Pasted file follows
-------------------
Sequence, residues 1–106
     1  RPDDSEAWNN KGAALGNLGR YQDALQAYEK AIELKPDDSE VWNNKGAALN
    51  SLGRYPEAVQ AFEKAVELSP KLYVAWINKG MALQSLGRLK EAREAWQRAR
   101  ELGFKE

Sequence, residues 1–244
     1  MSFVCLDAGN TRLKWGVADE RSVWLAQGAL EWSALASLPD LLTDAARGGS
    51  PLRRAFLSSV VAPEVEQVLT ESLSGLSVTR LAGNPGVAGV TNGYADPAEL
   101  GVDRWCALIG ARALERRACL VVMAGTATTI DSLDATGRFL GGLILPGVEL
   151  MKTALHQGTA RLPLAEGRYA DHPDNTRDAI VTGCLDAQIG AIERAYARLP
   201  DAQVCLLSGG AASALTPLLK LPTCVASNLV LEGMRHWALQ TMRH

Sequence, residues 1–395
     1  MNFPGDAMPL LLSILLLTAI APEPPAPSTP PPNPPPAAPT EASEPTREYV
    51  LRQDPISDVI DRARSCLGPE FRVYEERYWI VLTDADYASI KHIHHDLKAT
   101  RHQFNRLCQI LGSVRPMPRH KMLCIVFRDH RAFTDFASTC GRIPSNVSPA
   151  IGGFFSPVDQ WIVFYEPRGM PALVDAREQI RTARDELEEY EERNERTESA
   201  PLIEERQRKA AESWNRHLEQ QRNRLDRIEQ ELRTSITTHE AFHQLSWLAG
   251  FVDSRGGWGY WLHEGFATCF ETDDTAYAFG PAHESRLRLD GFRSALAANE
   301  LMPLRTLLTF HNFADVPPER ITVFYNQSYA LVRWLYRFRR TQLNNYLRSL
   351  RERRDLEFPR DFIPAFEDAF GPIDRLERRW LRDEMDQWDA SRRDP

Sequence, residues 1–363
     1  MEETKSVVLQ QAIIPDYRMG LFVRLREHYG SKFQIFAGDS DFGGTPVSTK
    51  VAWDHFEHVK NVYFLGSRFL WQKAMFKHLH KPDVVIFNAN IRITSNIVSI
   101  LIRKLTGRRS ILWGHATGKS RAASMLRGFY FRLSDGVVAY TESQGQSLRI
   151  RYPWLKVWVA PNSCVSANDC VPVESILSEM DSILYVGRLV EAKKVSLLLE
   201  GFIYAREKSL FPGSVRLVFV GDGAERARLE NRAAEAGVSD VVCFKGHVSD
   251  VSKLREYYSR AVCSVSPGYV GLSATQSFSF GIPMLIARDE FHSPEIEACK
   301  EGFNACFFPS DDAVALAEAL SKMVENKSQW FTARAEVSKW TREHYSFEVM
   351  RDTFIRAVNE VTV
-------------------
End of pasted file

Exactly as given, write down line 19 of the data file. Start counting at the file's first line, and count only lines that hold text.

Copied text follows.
   351  RERRDLEFPR DFIPAFEDAF GPIDRLERRW LRDEMDQWDA SRRDP